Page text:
Aiming to grab a bigger piece of the online auction business, Yahoo has said it will eliminate fees charged for using its auction site, a move that seems directly aimed at sellers who would normally turn to eBay to sell their goods.
Yahoo is eliminating both the listing fees — the up-front charges to put an auction item up for sale — and the percentage-based fees charged if an item sold. The savings could be considerable, especially for the so-called Power Sellers who drive much of eBay’s business.
Going forward, the Yahoo auction site will be ad-supported, with paid search and other types of advertising. The change only applies to the U.S. Fees will continue to be charged in Canada and in Japan, a market where Yahoo’s auctions are actually the dominant market player and where eBay has been thwarted in its attempts to dethrone the portal.
Huge eBay Audience
EBay’s listing fees range from 25 cents for items that start for sale at less than a dollar to US$4.80 for items on which the bidding begins at $500 or more. The so-called final value fee starts at 5.25 percent of the total sale price.
Depending upon the category and other factors, the savings on an item that sold at auction for $100 could be more than $5, depending upon the number of extras a seller chooses to draw attention to its listing. For sellers who peddle dozens of items each week, that could represent a significant bottom-line difference.
The change comes less than a week after eBay announced plans to buy comparison shopping search engine Shopping.com in a deal worth $620 million. That move gives eBay the ability to offer sellers broader exposure for their listings.
In the past, eBay’s sellers have been wont to stray from the auction giant because despite a slew of would-be competitors, from Amazon and Yahoo to sites such as Ubid.com, no single alternative could offer anywhere near the audience of would-be buyers and, just as importantly, bidders, that eBay boasts.
Yahoo might be one of the few competitors for eBay that has the means to change that, however, since it attracts tens of millions of visitors to its portal each month.
Yahoo said the move had nothing to do with eBay’s Shopping.com buy and that the change has been in the works for some six months. That time frame coincides with the latest eBay fees hike, which drew outcry from sellers.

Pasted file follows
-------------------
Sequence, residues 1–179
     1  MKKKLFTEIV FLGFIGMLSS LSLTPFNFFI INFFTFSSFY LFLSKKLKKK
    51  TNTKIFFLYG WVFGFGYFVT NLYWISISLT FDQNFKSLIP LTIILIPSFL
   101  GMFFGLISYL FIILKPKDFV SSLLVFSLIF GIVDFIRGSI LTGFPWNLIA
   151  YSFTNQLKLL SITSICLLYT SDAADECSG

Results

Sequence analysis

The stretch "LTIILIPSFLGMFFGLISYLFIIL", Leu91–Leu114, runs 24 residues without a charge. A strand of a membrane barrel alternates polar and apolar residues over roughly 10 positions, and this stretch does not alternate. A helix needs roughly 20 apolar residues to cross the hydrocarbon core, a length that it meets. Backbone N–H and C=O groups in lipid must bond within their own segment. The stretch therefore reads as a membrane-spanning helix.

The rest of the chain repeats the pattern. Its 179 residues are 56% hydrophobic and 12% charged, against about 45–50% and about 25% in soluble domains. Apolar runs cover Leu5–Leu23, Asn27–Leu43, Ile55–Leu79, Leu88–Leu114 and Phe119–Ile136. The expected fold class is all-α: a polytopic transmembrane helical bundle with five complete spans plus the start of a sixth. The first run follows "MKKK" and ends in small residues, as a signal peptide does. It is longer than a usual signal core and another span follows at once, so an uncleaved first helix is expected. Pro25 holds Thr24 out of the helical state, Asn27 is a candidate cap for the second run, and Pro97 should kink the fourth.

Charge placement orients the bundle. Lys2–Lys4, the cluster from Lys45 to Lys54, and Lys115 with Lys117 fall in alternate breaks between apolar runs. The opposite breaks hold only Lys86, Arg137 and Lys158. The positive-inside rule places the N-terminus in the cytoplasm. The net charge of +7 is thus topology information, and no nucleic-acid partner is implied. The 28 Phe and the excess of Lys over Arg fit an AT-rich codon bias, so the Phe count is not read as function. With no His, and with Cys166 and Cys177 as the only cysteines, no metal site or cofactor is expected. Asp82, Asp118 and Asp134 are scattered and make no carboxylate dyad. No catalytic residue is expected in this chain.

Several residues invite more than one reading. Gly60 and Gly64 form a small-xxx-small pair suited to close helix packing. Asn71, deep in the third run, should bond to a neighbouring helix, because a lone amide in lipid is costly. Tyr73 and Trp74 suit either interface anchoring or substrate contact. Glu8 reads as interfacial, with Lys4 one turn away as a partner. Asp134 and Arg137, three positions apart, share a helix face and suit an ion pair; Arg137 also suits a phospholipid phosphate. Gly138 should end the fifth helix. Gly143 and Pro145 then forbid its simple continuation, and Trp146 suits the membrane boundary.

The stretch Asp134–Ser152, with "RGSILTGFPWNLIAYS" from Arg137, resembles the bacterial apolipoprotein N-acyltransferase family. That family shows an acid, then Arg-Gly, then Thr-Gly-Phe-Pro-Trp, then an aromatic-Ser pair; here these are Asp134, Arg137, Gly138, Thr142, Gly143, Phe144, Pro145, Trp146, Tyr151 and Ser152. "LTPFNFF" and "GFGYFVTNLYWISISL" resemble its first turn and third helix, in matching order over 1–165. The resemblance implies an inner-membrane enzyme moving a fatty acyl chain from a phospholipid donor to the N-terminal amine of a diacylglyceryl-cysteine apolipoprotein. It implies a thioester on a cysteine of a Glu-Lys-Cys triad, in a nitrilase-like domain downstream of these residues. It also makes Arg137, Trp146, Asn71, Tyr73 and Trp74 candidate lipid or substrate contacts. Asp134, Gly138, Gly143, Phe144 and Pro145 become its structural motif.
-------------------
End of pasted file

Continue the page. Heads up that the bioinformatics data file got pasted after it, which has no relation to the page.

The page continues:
At the time, Overstock.com moved to woo disgruntled eBay users by slashing its own auction listing fees. Overstock said it saw immediate results, with auction listings rising 50 percent in the course of a week. However, while eBay has shown signs of slowing growth in recent quarters, most analysts believe that competitive move had little long-term impact.
EBay later reversed itself on some of the fees, though a hike on the percentage charged for final sales was kept in place, as were the fees charged to sellers who maintained eBay Stores. Those fees increased as much as 60 percent. The auction giant also promised to expand phone support for sellers in a bid to smooth ruffled seller feathers.
Forrester Research analyst Carrie Johnson told the E-Commerce Times that eBay has long been a force in the Internet commerce world, a brand that is all but synonymous with online auctions.
Auction-style selling is something that is poised to grow as well, as more shoppers become Web-savvy. Because the bidding process is somewhat more complicated than traditional e-commerce sales from a site such as Amazon — and because most eBay merchants do not take credit card payments directly — such sales attract slightly more sophisticated users.
But there might be signs that consumers would welcome an alternative to eBay. Johnson said while a recent survey found eBay users still fond of the sense of community the site develops — which builds loyalty — Amazon.com has scored higher on overall customer experience. Other surveys have found that less than half of all eBay users say they are committed to buying only from that site.